Making tough medical decisions with chronic illness

Living with a chronic illness means making regular and sometimes tough medical decisions. While some conditions require a clear treatment plan with no alternative options, other times your doctor will describe multiple options, tests, prescriptions or combinations of strategies to help manage your health.

In those more complex situations, research shows patients actively collaborating in the treatment decision-making process have better health outcomes. In fact, Mayo Clinic has an entire resource center to help doctors and patients nurture such “shared decision making.”

Of course, building this kind of relationship with your doctor isn’t simple. And it involves many external barriers—some you can control, and some you can’t. While different strategies will apply depending on circumstance, research shows some tactics more likely to help you navigate medical decisions. Hopefully the ideas that follow can help.

medical decisions

“Top physician, nurse leaders carve out time for patient care” by Army Medicine is licensed under CC BY 2.0

Consider your communication style.

Patient-centered communication and care go hand in hand with shared decision making. In patient-centered communication, care professionals explain treatment options in a way that takes the patients, their loved ones, values and context into consideration. (Here’s a chart that breaks down what that looks like.)

The ideal patients, according to “Patient-Centered Communication and Shared Decision,” are “active communicators, asking questions, assertively stating their opinions, introducing new topics of conversation, and discussing their concerns, feelings, or preferences when communicating with their clinicians.”

That’s a hard thing to achieve. But it starts with learning your most comfortable style of communication. If you don’t know, take some time to reflect on your personal communication style. Write down your reflections. Or talk about them with a friend. You can even try an online assessment. Dartmouth-Hitchcock offers some great online tools and resources here for decision making. (Here’s one from the author of a book on decision making.)

Knowing yourself a little better in that way can help you ask for what you need. You may also decide to seek care professionals who have a style more closely aligned with your own.

 

Keep looking until you find the right doctor.

While there are many qualified doctors out there, they have different communication strategies. You should never feel bad for changing doctors if one isn’t working for you. If things like insurance coverage or limited access to specialists make it more difficult for you to switch, the next few strategies will be more important.

Be Your Own Health Care Advocate” talks more about building the right health care team.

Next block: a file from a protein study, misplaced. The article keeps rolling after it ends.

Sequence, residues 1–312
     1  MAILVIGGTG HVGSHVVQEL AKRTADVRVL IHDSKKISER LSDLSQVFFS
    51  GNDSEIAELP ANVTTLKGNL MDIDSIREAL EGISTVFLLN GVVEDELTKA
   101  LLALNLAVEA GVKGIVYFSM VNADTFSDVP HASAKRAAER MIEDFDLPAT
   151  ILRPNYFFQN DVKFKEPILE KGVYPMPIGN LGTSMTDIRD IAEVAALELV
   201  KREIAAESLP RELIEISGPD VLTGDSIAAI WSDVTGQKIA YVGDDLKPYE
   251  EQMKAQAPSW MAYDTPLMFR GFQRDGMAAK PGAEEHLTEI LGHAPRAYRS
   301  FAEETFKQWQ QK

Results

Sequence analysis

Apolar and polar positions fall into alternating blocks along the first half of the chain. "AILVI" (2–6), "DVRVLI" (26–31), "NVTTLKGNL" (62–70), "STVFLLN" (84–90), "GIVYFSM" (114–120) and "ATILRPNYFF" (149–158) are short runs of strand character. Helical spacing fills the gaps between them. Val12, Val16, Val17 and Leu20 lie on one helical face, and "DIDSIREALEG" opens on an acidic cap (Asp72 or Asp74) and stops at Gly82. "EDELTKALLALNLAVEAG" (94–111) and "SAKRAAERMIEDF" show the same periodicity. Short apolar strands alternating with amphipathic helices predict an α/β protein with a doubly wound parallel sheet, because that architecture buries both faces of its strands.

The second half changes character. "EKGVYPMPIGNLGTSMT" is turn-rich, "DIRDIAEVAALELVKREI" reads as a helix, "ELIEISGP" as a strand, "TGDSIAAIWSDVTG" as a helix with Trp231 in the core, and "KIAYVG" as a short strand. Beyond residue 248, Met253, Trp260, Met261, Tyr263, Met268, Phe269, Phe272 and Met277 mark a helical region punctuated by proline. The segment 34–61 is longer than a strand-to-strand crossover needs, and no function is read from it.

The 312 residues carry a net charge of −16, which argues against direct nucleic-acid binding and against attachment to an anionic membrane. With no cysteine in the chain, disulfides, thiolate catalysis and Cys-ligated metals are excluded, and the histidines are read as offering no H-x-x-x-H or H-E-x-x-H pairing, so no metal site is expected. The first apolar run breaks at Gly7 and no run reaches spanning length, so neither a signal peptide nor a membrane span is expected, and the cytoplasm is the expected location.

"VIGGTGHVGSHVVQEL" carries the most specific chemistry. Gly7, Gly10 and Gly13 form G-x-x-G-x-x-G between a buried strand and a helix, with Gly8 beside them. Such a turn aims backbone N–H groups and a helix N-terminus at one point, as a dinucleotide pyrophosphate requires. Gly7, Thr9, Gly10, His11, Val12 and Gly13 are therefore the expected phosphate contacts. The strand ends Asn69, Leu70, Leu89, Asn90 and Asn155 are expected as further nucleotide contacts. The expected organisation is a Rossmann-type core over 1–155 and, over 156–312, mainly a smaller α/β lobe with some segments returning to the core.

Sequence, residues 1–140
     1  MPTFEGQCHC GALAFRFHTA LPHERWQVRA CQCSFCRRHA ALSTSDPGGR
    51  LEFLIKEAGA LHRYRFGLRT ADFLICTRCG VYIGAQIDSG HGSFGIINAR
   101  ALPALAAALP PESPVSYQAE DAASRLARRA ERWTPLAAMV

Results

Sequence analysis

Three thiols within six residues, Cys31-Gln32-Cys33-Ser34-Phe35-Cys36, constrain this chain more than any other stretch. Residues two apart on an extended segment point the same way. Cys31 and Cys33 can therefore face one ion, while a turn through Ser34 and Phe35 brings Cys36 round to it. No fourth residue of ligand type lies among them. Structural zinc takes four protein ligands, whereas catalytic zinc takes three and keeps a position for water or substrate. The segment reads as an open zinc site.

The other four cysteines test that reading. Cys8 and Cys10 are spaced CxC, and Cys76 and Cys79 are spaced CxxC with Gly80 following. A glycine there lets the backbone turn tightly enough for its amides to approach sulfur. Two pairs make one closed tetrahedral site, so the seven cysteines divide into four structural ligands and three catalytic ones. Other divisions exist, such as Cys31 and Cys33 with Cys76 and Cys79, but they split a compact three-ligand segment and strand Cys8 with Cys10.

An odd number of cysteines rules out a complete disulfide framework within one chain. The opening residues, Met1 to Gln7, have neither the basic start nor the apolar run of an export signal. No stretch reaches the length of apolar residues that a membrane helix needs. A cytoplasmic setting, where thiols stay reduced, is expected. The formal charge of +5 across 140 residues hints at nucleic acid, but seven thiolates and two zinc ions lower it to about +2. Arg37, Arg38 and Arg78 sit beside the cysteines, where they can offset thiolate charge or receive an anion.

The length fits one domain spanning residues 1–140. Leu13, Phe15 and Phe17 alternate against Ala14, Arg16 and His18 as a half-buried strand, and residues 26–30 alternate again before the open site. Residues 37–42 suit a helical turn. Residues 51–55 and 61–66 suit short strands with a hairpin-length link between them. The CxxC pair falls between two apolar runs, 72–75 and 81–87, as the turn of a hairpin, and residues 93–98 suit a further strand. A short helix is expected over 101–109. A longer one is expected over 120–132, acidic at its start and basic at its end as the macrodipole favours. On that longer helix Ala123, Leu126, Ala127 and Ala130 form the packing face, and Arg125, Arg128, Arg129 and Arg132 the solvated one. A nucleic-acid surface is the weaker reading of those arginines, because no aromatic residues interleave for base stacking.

“Cross Of My To Do List” by Alan Levine is licensed under CC BY 2.0

“Cross Of My To Do List” by Alan Levine is licensed under CC BY 2.0

Prepare for appointments.

Communication is of course a two-way street. Remember that a good relationship with your care professionals requires effort on your part. Practice the same relationship skills you do with a friend: be open and honest, be on time and listen carefully.

Similarly, your appointment will go more smoothly and you are more likely to avoid confusion if you prepare beforehand. Take notes and be clear about what you want from the appointment so you get enough time.

Understanding your own condition helps. Even very educated people don’t understand complicated health topics, so if you don’t know how to accomplish that, ask your doctors.

The Informed Medical Decisions Foundation offers many helpful resources for navigating the health care world, including how to talk about costs of procedures, how to become an “activated” patient, and a worksheet for appointments.

CVC’s own prepared patient checklist can help too. Download and print it before appointments.

 

Seek resources to help.

If you can’t change doctors, one solution is seeking help from a caregiver, family member, friend, or even hiring a patient advocate. These people can be tasked with the sole concern of attending appointments and communicating what you need to explain or understand better. That allows you to focus on the many other things you are responsible for.

You can also find tools for considering medical options and making decisions. Patients who use professional decision aids, studies show, are more informed and better understand any risk involved.

If you’d like to try a decision aid, ask your doctor whether there are tools in place for your specific position. If not, try one of these paper, DVD or web tools from Dartmouth-Hitchcock.

 

Consider second opinions for big decisions.

Finally, if you have a big decision to make and feel uncertain after your regular doctor explained your options, don’t be afraid to ask for a second opinion.

Many patients don’t ask for a second opinion for fear of offending their doctor, according to the Cleveland Clinic. But, as their guide points out, a second opinion can improve your health, which is in both of your best interests. All doctors have varying levels of experience with different conditions. Second opinions can open doors and offer peace of mind.

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